August 16, 2017
ACT Research and FTR have released their preliminary estimates for July net trailer orders at 14,450 and 13,400 units, a decline of nearly 30 percent from June and the weakest total this year.
“We saw continued strong year-over-year net order performance last month. As has been the pattern, solid dry van commitments helped lead the total industry, with significant year-over-year gains in flatbed trailers occurring as well,” says Frank Maly, ACT’s director of CV Transportation Analysis and Research. “July is historically the weakest order month of the year, as fleets pause to reassess their equipment needs for the remainder of the year.
“The 30 percent decline from June is directionally correct, but a bit more than we might have expected. However, when seasonally adjusted, July volume was more than 20,500 units, which approaches a 250,000-annual rate, both very strong results.”
“The trailer market had a typical month of July. Orders usually fall as fleet managers take a break and turn their focus to next year,” adds Don Ake, FTR vice president of Commercial Vehicles. “The bright spots this month are the strong flatbed orders, and that production did not fall much from June’s impressive totals. This indicates production should be fairly steady the rest of the year.”
Additionally, FTR says the July activity met expectations with all segments except flatbeds taking a hit. Trailers orders have now totaled 264,000 units over the past twelve months. Production fell over 3 percent from June on a per day basis. Backlogs fell 8 percent and remain 12 percent below a year ago. So far this year, ACT says the industry has booked more than 153,ooo net orders, a 43 percent improvement. The shift by fleets to a more positive outlook coincided with last fall’s election, and is obviously ongoing.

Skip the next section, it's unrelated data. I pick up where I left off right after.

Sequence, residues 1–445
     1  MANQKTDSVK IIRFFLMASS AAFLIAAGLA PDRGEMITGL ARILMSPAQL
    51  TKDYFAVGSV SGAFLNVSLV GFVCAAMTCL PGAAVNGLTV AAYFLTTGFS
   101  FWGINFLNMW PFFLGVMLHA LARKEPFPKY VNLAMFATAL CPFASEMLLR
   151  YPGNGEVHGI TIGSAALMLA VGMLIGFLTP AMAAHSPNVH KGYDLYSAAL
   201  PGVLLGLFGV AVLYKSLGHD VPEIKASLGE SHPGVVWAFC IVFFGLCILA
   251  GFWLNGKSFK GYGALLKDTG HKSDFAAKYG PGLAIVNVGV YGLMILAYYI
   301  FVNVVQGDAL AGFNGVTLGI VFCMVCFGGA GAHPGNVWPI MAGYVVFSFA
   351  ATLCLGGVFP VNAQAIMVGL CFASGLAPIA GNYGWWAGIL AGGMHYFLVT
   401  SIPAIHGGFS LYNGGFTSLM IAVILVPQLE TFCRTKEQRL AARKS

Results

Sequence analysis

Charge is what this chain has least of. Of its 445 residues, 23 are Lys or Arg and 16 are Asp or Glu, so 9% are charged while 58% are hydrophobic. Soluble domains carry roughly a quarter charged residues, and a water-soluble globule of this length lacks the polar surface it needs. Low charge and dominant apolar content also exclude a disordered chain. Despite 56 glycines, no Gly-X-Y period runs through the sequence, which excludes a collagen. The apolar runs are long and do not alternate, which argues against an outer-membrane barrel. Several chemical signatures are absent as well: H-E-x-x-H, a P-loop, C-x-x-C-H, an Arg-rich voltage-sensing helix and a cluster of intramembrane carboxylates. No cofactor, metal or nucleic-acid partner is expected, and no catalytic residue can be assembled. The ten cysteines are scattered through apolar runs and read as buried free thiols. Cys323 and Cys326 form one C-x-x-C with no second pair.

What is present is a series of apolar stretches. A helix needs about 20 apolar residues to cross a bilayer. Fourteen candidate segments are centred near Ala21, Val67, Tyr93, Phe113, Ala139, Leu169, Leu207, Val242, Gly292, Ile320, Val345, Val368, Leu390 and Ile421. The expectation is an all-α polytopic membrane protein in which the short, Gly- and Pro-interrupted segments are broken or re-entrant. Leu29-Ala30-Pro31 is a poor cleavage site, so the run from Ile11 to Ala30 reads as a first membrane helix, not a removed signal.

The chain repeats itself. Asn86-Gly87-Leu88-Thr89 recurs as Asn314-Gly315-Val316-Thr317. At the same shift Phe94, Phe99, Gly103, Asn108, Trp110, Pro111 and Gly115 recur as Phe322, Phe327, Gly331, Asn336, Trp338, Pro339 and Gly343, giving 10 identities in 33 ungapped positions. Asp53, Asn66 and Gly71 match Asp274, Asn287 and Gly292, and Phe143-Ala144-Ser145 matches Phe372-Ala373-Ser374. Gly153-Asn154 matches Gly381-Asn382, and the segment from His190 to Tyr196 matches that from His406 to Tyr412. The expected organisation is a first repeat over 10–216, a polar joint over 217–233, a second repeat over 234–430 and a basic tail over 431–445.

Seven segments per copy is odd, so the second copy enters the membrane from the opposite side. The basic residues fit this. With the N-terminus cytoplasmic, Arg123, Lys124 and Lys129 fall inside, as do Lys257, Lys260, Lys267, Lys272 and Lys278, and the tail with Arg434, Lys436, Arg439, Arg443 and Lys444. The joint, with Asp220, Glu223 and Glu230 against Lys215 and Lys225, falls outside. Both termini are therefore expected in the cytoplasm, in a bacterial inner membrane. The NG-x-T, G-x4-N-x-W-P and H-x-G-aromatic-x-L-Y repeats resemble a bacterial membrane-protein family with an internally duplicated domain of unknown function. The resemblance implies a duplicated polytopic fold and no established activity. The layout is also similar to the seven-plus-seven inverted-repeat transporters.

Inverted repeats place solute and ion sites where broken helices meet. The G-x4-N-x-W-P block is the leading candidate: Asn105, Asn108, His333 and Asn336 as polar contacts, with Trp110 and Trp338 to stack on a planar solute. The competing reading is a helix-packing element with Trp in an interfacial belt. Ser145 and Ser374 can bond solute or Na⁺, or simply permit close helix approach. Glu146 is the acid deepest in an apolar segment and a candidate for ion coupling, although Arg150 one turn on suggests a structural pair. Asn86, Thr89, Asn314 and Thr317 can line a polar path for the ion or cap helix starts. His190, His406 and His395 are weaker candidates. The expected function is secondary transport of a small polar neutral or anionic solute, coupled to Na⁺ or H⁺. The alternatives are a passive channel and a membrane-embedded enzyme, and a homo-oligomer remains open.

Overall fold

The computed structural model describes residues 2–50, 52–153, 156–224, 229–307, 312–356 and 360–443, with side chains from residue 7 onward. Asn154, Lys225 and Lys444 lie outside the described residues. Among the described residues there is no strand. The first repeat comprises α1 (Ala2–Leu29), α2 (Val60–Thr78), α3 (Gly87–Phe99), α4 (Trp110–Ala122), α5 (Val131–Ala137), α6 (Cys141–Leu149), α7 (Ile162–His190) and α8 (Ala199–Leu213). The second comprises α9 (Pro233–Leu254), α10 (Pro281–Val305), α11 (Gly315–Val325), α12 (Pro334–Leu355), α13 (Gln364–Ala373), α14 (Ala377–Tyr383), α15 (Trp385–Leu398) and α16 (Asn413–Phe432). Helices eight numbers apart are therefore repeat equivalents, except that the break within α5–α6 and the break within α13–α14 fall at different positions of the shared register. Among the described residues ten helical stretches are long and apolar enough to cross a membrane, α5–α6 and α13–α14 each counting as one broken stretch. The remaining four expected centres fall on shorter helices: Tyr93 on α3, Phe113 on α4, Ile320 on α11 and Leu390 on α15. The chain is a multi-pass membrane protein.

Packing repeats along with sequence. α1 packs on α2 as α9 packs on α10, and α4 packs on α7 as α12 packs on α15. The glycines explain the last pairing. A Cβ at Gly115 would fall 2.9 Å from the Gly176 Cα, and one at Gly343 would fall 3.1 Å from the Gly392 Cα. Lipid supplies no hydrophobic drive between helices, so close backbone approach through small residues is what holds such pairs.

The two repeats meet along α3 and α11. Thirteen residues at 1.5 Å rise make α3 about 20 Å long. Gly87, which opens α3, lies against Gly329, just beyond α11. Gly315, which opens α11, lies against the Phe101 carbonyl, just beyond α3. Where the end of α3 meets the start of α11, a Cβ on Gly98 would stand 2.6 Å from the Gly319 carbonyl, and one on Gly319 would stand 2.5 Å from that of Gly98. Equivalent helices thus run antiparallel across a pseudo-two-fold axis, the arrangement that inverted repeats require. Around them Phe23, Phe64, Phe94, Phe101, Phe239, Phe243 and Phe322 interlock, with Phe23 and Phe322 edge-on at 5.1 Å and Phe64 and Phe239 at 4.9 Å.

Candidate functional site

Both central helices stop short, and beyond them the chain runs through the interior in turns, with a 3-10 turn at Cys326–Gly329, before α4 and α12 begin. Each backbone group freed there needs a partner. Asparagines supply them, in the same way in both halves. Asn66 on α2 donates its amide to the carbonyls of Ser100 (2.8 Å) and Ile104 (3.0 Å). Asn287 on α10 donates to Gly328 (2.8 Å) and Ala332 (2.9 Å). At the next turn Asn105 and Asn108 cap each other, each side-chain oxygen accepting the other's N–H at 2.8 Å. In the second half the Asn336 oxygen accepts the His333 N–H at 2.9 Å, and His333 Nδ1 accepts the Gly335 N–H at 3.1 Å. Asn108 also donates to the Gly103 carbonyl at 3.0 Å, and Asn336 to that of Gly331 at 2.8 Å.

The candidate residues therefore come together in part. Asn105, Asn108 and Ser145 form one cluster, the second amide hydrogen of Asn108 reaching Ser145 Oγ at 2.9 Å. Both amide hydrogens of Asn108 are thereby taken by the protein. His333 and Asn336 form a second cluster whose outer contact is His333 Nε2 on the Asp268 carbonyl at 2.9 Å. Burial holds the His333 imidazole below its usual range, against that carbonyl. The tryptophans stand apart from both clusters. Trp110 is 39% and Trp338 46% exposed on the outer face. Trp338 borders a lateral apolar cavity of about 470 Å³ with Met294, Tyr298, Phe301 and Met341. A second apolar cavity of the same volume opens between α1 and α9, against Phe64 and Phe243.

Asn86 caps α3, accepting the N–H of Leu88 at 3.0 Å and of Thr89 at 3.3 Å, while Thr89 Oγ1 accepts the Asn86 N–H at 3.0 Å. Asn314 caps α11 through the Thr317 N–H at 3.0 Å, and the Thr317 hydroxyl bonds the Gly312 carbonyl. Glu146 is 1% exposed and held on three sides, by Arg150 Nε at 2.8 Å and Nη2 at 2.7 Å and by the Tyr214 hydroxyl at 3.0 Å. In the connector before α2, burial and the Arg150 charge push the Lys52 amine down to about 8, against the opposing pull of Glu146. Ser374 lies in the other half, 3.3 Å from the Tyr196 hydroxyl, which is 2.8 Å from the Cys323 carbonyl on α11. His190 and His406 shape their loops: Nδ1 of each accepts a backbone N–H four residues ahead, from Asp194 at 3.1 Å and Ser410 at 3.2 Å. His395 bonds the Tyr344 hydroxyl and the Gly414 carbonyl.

“Another positive for the industry is that cancellations remain low. Fleets are obviously standing firm with their order commitments, an indication of fleet confidence in the near-to-medium term outlook,” Maly says.
“Most fleets have their orders in for this year,” says Ake. “We expect August orders to be subdued before starting to recover in September. The fall order season should be robust, as freight demand continues to grow and fleets lose productivity due to use of Electronic Logging Devices.”